TAIPEI -- Key iPhone assembler Pegatron has chosen Indonesia for its first diversification of manufacturing away from China in the wake of costly trade tensions between Washington and Beijing.
The Taiwan-based electronics manufacturer is preparing to shift production of non-iPhone products hit by U.S. tariffs on Chinese exports to a rented factory on Indonesia's Batam Island within the next six months.
A source with knowledge of the plan said the products -- which include set-top boxes and other smart devices -- accounted for close to $1 billion in annual revenue. Investment would start within the month, with full production expected by the middle of 2019, the person said.
Pegatron's move highlights the growing pressure on many manufacturers who have expanded in China in recent years and now find themselves squeezed by trade tensions, the country's rising wages and labor shortages.
Others who have recently indicated plans to shift non-Apple production from China include Pegatron's smaller iPhone rival Wistron, Apple Watch makers Quanta Computer and Compal, and AirPods maker Inventec.
Pegatron's decision to diversify out of China would not be altered by the recent fragile truce struck between the leaders of China and the U.S. at the G-20 meeting last weekend, the source said. "The Trump-Xi meeting will not affect the pace of Pegatron's strategy," said he said.
However the Indonesian investment was being fast-tracked in an indication that the tariffs have taken their toll.
"The investment will be made either by the end of this month or at the beginning of next month at the latest, as it will require two quarters for Pegatron to move, install, and certify equipment before the plant becomes fully operational," another person who familiar with the plan said. "This cannot be delayed for long," the person added.
Pegatron said it was "surveying all of the possibilities" but refused to comment further.
Nikkei Asian Review has also learned that Pegatron is also evaluating northern Vietnam as another possible manufacturing location. The country already has a growing electronics supply chain thanks to Samsung Electronics' sizable smartphone assembly operation. "But investment in Batam island is going faster than other places," the source said.
Pegatron Chairman Tung Tzu-hsien also recently told reporters that the company aims to expand its production capacity at its plant in northern Taiwanese city of Taoyuan to meet robust demand for the tariff-affected products.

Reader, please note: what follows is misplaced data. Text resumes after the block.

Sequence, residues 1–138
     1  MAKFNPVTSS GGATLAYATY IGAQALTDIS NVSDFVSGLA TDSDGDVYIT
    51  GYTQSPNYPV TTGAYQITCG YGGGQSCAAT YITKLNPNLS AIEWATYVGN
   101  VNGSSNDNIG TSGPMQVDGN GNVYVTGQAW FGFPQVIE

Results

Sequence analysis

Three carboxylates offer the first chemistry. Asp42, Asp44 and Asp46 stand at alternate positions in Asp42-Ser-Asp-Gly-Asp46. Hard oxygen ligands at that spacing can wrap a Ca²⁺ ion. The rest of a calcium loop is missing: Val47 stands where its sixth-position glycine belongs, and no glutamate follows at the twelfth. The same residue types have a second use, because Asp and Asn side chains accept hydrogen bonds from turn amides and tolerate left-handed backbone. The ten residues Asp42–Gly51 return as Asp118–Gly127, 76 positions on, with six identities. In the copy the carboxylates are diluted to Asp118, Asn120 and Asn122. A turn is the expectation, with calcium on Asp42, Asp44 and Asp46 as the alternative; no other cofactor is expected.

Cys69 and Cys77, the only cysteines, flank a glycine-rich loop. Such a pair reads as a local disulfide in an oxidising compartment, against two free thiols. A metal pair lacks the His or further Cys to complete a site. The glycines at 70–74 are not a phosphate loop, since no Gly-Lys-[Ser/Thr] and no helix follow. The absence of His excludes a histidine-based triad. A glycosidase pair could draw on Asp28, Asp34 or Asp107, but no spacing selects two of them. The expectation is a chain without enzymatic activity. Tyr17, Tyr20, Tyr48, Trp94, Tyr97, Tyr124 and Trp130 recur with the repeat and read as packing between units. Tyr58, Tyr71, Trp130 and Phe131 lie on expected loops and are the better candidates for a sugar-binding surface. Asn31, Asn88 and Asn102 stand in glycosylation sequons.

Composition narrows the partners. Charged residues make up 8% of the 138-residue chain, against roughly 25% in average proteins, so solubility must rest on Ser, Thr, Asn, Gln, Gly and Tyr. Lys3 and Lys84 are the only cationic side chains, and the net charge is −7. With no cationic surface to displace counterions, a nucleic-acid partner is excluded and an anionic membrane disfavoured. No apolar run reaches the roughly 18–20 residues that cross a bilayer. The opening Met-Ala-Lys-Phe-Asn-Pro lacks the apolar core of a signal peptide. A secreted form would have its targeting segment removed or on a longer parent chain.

Located only 20 km from Singapore's south coast, Batam is the closest part of Indonesia to Singapore and part of a free-trade zone in the Indonesia-Malaysia-Singapore Growth Triangle. Pegatron will rent a factory that can employ 8,000 to 10,000 laborers. The company needed to rent rather than build a new facility to ensure production as soon as possible, two sources confirmed to Nikkei. this would allow the group to transfer equipment from China more quickly, they said.
Compared with other Taiwanese peers such as Foxconn Technology Group, Wistron, Inventec and Compal Electronics -- which all have had facilities in Southeast Asia for years -- Pegatron has been reluctant to invest in manufacturing capacity outside of China.
Now, in addition to the trade war, conditions in China are growing more difficult.
During peak season between September and November each year, Pegatron, along with its subsidiaries, require more than 200,000 labors every year. It has become increasingly challenging to find these workers, given the high turnover of staff and fierce competition between electronics manufacturers for labor.
Pegatron Chief Financial Officer Charles Lin told investors in November that Pegatron's new facilities could be spread out over three countries in Southeast Asia.
Chairman Tung has said he expects multinational manufacturing management to become the norm in the next 10 years, with no single country capable of replicating the supply chains that have been built in China or of supplying the hundreds of thousands of workers needed in peak season. "China will remain Pegatron's main production hub for sure," he said recently.
However, multinational manufacturing presents a significant challenge to companies used to centralized supply chains in China. Analysts said they would now have to deal with the costs of new facilities, moving equipment, building expertise and training staff. They would have to do this while maintaining production quality at high levels, even as they shifted production from China, analysts said.
Wistron confirmed with the Nikkei Asian Review on Tuesday that it will relocate some of production for server motherboards and other products to the northern Taiwanese city of Hsinchu and to its existing facility in Subic Bay in the Philippines. Quanta recently spent NT$4.28 billion to buy a plot of land and a building near its headquarters in Taoyuan, as it is moving some high-end and highly-automated devices back to Taiwan.
"The latest development of the trade tensions between the world's two largest economies will not change Quanta's ongoing plan [for production diversification]," a Quanta official told the Nikkei Asian Review.
Terry Gou, chairman of Apple's main iPhone assembler Foxconn, on Tuesday predicted that trade tensions would last "five to 10 years" despite the truce. Global supply chains would have to adjust their strategies by building new international networks he said in a speech at the annual cross-strait entrepreneur meeting in Chinese city of Xiamen.
"Uncertain policies are causing pressure on manufacturers. Only through multi-location strategies can they respond the fast-changing dynamics," Gou was quoted as saying in Taiwan's Economic Daily.